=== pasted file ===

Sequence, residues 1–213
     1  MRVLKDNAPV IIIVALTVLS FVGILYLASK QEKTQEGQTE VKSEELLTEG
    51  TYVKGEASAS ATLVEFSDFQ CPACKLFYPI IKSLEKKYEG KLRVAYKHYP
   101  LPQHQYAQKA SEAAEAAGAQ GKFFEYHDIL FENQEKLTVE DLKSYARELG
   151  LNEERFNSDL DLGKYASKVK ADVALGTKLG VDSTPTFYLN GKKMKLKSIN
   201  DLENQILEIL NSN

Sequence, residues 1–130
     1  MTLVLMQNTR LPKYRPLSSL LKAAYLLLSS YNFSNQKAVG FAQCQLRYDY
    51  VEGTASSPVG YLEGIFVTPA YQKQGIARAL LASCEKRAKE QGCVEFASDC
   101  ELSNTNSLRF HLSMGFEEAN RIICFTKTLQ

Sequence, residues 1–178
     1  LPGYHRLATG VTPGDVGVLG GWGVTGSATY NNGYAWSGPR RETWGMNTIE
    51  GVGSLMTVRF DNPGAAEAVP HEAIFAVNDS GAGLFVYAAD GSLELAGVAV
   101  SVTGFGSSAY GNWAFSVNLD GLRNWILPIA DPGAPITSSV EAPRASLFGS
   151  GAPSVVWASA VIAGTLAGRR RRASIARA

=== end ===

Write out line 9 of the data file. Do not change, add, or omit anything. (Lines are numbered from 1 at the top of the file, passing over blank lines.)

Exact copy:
    51  VEGTASSPVG YLEGIFVTPA YQKQGIARAL LASCEKRAKE QGCVEFASDC